Is the deck stacked for casino gambling?

Posted at: 10/28/2013 11:36 PM
By: Dan Levy

ALBANY - When you walk into the voting booth on November 5th, will you have all the information you need to make an informed decision? Some government watchdog groups think you might not. In fact, some of them believe, when it comes to a decision on gaming, the vote might not be on a level playing field.

Increased aid for every New York school district, property tax relief, and job creation: when you look at it that way, who would vote against Proposition One?

"Proposal One is to add three casinos in New York State," says Blair Horner, of NYPIRG, "This other stuff if just your normal political propaganda."

Horner says he's not taking sides on whether or not voters should approve additional casinos, but he'd like to see campaign flyers that are less deceptive.

"There's no pictures of families that have lost a lot of money because one of their family members is a gambling addict," Horner points out, referring to a 8 by 11 inch high glass flyer mailed out to voters. "There's nothing in her about the fact there may be additional crime. There's no down sides listed in the flyer."

Opponents to casino gambling argue that expanding casino gambling in New York State could potentially increase gambling addiction, exploit those suffering from gambling addictive, and have harmful effects on the communities in which the casinos are located.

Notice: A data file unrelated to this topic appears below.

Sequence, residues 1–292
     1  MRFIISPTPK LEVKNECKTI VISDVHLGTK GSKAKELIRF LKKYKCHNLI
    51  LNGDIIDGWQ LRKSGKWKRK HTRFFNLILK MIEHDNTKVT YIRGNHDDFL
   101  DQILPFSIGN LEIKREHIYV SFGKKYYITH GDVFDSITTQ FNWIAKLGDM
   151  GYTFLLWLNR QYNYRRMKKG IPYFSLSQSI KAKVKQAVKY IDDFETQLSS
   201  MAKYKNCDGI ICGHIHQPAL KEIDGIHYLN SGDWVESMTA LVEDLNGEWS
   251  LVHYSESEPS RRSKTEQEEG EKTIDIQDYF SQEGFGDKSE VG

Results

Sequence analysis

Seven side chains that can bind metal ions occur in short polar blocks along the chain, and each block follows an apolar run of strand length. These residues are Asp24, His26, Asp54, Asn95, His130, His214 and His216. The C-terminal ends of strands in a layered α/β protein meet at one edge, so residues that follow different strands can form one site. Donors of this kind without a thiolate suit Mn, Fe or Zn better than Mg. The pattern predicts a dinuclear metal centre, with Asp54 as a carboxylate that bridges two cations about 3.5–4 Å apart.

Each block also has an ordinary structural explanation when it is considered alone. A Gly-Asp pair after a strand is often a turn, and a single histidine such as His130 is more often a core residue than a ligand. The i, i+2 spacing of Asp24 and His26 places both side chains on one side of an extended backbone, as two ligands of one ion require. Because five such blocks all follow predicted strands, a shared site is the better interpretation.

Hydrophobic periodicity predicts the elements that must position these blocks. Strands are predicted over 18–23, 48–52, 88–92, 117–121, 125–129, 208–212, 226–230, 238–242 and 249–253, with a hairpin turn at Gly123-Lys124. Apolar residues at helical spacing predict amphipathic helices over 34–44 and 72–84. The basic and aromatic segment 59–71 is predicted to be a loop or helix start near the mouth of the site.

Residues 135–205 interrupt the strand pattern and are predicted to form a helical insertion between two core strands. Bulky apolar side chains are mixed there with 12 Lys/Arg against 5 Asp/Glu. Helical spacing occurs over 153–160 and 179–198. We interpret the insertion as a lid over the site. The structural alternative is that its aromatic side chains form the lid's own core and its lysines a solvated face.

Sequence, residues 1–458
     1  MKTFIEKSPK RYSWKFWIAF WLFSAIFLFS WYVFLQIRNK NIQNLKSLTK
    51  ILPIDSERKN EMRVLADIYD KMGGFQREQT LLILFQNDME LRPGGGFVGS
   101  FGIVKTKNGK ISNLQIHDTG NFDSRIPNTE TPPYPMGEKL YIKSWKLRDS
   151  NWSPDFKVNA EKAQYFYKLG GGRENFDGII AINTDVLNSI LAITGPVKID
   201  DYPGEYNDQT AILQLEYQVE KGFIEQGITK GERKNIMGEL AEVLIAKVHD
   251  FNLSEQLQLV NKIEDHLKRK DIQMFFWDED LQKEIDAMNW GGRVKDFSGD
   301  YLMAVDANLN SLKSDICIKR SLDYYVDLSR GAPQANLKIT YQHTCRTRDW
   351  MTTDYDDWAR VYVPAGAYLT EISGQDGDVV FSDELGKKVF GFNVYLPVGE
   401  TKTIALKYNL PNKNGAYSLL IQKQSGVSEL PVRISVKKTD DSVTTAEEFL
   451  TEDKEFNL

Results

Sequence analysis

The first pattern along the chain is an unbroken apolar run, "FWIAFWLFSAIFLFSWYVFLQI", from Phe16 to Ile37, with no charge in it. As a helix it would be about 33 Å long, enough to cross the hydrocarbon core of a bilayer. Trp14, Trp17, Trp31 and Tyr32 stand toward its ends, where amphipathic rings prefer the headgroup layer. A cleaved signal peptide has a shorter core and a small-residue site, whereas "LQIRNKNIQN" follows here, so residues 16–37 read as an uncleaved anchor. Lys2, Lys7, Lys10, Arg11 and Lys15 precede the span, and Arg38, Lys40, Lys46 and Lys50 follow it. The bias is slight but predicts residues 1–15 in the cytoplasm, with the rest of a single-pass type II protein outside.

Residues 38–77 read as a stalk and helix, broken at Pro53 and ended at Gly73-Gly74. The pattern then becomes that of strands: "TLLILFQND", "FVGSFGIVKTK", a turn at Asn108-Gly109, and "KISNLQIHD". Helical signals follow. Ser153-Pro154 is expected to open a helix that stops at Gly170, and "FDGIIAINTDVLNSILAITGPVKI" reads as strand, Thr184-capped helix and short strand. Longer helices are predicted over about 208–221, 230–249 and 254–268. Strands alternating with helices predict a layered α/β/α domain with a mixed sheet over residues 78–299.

"There's nothing wrong with sending a message so long as it's clear to the voters whose actually speaking to them," says Susan Lerner of Common Cause New York.

Lerner says she'd like to know whose paying for the Prop One campaign, pointing out she knows next to nothing about the NY Jobs Now committee.

"In many instances I would expect that knowing who actually paid for the ad would be information which would make the voter more likely to credit the ad," she says, "In other instances, it might make them more skeptical."

That's why Common Cause and other so called good government groups are advocating for stronger disclosure laws.

"We think it's important for voters, when they receive a communication, to know whose actually paying for it," Lerner says.

According to Horner, because job growth, school aid, and property taxes are mentioned in the casino proposal, he thinks the deception extends into the voting booth.

"The ballot wording is deceptive because the administration put its thumb on the scales to twist the language to make it seem like people should vote for casinos," Horner says.